Wieser H.(a), Tröger N.(a) and Hübner R.(b)
a) Austrian Chamber of Labour, Prinz-Eugen-Straße 20-22, 1040 Vienna, Austria
b) Alpe-Adria University of Klagenfurt, Sterneckstraße 15, A-9020 Klagenfurt, Austria
Keywords: product use-time; desired lifetime; expectations; replacement decisions; survey.
Abstract: In this paper, we present empirical evidence from a large-scale questionnaire survey on the average use-times of durable goods and the consumers’ desired lifetimes. The results show that consumers’ want durable goods to last between 1.7 and 3.6 times longer than they are used. Moreover, we emphasise the difference between desired and expected lifetimes and explain, how the consumers’ expectations regarding product lifetimes affect their buying and replacement decisions.
Modern society witnesses an unprecedented acceleration of social life (see Rosa, 2015). This can also be observed for contemporary material and consumer culture, which is characterised by increasing product replacement rates and short product life spans. As a result of this development, overall resource consumption reached a level that severely harms the environment and threatens the well-being of future generations. Moreover, increasing replacement rates create social pressures to stay up to date and keep pace with the technological development, resulting in harried and exhausted consumers. In light of these adverse consequences of fast consumerism, various observers called for a deceleration of consumption (Ax, 2001; Cooper, 2005).
However, surprisingly little is known about the motivations behind replacement decisions and empirical evidence on the actual replacement rate of consumer durables remains rare.1 Most evidence is limited to single products like cars, washing machines and mobile phones. Another limitation is that the data lacks comparability due to conceptual confusion and different approaches to measurement. To bring some conceptual clarity into the debate, we thus decided to introduce a useful term from German. The “use-time” (German: Nutzungsdauer) denotes how long a product is used and includes both the duration in operation and the duration in stand-by (Murakami, Oguchi, Tasaki, Daigo, & Hashimoto, 2010). The use-time is thus formulated from the perspective of the user instead of the product. Correspondingly, we suggest to use common terms like product lifespan, lifetime and service life from a products’ perspective only.
In this paper, we provide empirical evidence from a large-scale questionnaire survey on the average use-times of 21 products, including cars, clothes, consumer electronics, small and major household appliances, and furniture. Furthermore, we draw from 25 interviews with Austrian residents to show how product use- times and replacement decisions are related to the consumers’ expectations regarding product lifetimes. This study thus contributes to the discussion on replacement motivations and addresses calls for evidence beyond single product categories (Cox, Griffith, Giorgi, & King, 2013; Evans & Cooper, 2010).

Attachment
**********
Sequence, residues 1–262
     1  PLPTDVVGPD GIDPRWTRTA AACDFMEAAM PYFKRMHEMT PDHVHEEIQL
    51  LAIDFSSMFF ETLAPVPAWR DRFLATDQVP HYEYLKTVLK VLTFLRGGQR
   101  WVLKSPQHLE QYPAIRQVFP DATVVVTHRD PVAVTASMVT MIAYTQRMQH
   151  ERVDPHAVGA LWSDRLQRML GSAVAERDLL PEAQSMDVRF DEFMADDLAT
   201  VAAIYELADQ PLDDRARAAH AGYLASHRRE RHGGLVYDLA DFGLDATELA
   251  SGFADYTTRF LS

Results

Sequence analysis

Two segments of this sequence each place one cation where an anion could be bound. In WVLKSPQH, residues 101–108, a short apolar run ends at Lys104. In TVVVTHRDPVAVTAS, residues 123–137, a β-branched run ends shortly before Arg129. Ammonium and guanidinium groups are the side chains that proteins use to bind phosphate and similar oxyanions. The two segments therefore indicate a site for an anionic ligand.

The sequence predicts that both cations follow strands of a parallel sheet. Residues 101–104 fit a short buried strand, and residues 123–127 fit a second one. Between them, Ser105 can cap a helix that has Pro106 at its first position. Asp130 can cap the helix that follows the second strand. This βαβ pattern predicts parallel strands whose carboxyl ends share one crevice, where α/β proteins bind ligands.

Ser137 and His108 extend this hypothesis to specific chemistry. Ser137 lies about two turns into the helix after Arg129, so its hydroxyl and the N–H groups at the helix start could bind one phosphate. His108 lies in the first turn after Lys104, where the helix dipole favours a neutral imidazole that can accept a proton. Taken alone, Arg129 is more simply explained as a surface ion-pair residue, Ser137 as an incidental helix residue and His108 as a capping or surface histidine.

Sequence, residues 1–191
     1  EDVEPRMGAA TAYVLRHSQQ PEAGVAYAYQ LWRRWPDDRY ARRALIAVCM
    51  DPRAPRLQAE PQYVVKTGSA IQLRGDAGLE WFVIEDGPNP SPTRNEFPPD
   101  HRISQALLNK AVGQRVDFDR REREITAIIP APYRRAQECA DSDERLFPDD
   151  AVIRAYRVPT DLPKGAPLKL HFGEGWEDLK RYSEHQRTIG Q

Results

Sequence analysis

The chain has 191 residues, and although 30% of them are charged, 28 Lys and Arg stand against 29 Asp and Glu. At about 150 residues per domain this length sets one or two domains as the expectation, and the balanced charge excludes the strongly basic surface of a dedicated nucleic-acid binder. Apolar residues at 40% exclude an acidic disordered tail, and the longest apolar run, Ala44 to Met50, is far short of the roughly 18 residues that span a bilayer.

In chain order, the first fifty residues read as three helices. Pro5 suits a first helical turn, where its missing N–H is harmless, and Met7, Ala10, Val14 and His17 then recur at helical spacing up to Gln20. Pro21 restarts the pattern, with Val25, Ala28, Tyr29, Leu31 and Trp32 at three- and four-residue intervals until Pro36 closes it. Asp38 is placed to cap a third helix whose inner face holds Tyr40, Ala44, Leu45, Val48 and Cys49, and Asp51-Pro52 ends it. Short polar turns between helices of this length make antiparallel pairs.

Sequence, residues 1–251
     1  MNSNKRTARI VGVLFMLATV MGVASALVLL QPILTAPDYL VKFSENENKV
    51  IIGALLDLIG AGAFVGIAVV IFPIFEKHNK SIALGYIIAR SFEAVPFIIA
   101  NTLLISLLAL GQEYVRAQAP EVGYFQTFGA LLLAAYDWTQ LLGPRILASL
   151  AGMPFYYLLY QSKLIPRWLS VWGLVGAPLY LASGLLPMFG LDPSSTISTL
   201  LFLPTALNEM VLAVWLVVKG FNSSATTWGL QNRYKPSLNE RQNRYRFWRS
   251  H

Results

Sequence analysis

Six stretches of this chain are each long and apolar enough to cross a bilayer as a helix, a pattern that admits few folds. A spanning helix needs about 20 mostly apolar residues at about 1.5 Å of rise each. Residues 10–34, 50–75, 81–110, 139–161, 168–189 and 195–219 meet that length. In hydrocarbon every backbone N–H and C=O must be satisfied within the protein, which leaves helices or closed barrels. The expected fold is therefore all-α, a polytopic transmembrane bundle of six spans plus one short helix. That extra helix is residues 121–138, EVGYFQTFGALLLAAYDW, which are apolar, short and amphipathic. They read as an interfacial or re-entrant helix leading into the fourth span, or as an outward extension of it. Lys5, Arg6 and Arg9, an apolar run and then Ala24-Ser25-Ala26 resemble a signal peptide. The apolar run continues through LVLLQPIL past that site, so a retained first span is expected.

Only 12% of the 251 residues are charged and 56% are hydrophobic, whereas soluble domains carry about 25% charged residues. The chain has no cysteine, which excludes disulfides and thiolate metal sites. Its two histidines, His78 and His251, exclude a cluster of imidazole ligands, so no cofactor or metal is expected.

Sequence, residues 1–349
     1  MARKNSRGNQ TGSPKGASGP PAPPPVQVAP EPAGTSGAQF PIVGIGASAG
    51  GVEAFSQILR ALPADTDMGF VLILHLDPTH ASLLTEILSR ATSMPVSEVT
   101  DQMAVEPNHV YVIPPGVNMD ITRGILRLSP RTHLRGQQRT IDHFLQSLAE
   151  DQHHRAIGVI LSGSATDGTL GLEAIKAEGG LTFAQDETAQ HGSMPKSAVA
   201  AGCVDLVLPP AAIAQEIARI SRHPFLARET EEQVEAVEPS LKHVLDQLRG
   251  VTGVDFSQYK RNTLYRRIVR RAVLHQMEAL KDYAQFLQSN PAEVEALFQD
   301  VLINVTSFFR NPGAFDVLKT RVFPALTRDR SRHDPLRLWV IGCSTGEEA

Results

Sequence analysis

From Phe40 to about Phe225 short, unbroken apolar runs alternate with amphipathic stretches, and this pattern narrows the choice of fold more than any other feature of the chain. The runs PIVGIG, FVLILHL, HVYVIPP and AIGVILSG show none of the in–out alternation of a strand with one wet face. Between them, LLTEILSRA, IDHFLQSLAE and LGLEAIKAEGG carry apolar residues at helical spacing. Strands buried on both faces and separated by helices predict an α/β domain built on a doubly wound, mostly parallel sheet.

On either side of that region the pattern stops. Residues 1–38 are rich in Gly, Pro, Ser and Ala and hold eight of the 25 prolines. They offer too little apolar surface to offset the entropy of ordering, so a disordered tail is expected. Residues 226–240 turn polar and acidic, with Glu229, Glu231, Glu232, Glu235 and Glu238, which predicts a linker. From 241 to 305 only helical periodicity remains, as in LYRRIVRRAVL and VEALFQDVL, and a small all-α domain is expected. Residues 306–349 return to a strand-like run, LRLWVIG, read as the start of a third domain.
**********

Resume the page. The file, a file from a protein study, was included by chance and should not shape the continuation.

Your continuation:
Methods and sample
The empirical material comprises two sources of data: The first one is a web-based, large- scale questionnaire survey that was sent out to appr. 5,600 Austrian residents in November, 2014. Within two weeks, we received 1,009 completed questionnaires (response rate: 18%). The final sample is representative for the Austrian population aged between 18 and 65 in terms of gender, age, education, household structure, and region (see appendix).
Before we sent out the questionnaire, it was cognitively pre-tested among nine participants using probing and paraphrasing techniques (see Collins, 2003).
The second data source is derived from 25 semi-structured interviews conducted in the period between January and March 2015. The interviews followed a guideline and took 95 minutes on average. The first half of the interviews inquired about the “careers” (i.e. past experiences) of the interviewees as users of mobile phones. The second half was concerned with the living situation and focused on items like major household appliances and furniture. The design of the interview guideline was inspired by practice research (see Røpke, 2009; Warde, 2005).
The interviewees were obtained via the questionnaire survey, in which we asked respondents to indicate their willingness to participate in a follow-up study. 2 The final sample was fairly balanced in terms of gender, age, household composition, and housing situation. Finally, the interviews were fully transcribed and coded.
The questionnaire survey inquired about the use-time of various products. This required two steps: First, respondents had to go through a list of 21 products and indicate which they have already possessed and discarded or replaced. We selected at least three durable goods from five product categories: clothes, consumer electronics, small household appliances, major household appliances, and furniture. Moreover, we added the car because of the high environmental potential associated with an extension of its average use-time. The dissemination of the selected goods ranges from 37% (desk and camera) to 83% (mobile phone). Only 8.6% of the respondents have already possessed all 21 goods. In a second step, respondents were asked to indicate how long they typically use the selected products before storing, passing on or discarding them (in years and months).